Khayla McClinton, a master’s student in the Institute for Biomedical Sciences, wants to close the health access gap and bring the voice of underrepresented communities to conversations about research, discoveries and prevention.
By LaTina Emerson
When Khayla McClinton was growing up, she always heard adults complain about how much it cost to go to the doctor. They would avoid going unless it was an emergency.
In college, she noticed that many students wouldn’t see a doctor or dentist unless they were near home or covered by their parents’ health insurance. She and her friends would joke about taking an Uber to the hospital, rather than riding in an ambulance, because they couldn’t pay the bill.
McClinton said her family in Atlanta and Louisiana and her college friends didn’t seek medical care because they couldn’t afford it. Lack of access to health care is a huge problem faced by many.
As a master’s degree student in the Biomedical Enterprise program in the Institute for Biomedical Sciences (IBMS), McClinton wants to not only help close the health-access gap, but also contribute to prevention beyond the clinical setting. She aspires to become either a biomedical scientist or biomedical engineer.
“One of my main goals is to bring the perspective and voice of underrepresented communities to the initial conversations surrounding research, discoveries and prevention,” McClinton said. “Research is the real first line.”
McClinton is the first in her family to attend college or enroll in a master’s degree program.
“I chose Georgia State because of the IBMS program,” McClinton said. “Georgia State is the only school in the state that had the type of biomedical sciences master’s program I was looking for.”
McClinton is interested in vaccine development, and she has been working in Dr. Sang-Moo Kang’s lab to develop a universal flu vaccine that will protect against any strain of the influenza virus. The virus mutates rapidly, and researchers must develop new seasonal vaccines every year. A universal flu vaccine would reduce the cost of vaccine production and make the vaccines more accessible and effective.
“I have learned how to perform experiments that I had not previously been exposed to,” McClinton said. “I have a deeper understanding of how the virus works and what all goes into the development of a vaccine. The hands-on experience has helped to solidify my decision to work in the biomedical or biotechnology field.”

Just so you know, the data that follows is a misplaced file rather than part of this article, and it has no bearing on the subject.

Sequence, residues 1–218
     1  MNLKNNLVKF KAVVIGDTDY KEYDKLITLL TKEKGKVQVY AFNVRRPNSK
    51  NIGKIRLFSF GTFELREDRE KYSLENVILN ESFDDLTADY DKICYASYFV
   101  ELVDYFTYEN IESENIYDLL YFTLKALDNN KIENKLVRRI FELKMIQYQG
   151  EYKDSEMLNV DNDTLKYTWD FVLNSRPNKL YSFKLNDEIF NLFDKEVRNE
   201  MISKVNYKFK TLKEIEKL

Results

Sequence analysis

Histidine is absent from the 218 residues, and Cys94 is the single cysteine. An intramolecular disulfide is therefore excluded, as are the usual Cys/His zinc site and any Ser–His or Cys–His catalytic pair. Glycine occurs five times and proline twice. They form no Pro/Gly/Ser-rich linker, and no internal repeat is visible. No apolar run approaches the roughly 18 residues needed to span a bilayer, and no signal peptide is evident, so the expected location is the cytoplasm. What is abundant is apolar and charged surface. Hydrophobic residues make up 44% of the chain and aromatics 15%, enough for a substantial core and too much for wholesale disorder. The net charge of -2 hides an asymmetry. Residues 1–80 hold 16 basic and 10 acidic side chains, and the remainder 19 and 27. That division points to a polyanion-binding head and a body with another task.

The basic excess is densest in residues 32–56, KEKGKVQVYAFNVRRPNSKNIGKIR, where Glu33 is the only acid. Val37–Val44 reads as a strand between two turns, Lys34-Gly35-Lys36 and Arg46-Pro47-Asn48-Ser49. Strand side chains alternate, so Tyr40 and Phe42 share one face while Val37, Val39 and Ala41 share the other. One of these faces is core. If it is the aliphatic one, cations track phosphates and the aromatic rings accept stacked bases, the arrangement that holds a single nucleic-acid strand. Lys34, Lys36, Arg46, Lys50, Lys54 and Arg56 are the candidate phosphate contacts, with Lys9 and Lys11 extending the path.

Her hard work in the lab is paying off. This summer, McClinton will travel to San Francisco to participate in an internship at the Chan Zuckerberg Biohub, a research center focused on disease cures, prevention and management. She will be working with a rapid response team that is looking to offer better surveillance and response to emerging infectious diseases in underserved communities globally. The Biohub works in partnership with the University of California, San Francisco, Stanford University and University of California, Berkeley.
She secured the internship by interviewing with a few of the scientists and the director of the team.
“I think my research experience in the IBMS program definitely helped me get selected for this internship,” McClinton said. “This specific team seems to be a combination of the research sciences and public health science, which are both areas that I am versed in and plan to grow in.”
The internship will help McClinton make important career decisions, whether to become a biomedical scientist, a biomedical engineer or both.
She’s working on the STEADI (Stopping Elderly Accidents, Deaths & Injuries) clinical research team at Emory University School of Medicine. She is a clinical research interviewer and assists with interventions for the study. The study’s purpose is to prevent serious falls in elderly adults by putting preventive measures in place and helping to strengthen mobility and balance through special exercises, physical therapy and dances.
“The goal is to keep the population that is 65 and over mobile and independent for as long as possible,” McClinton said.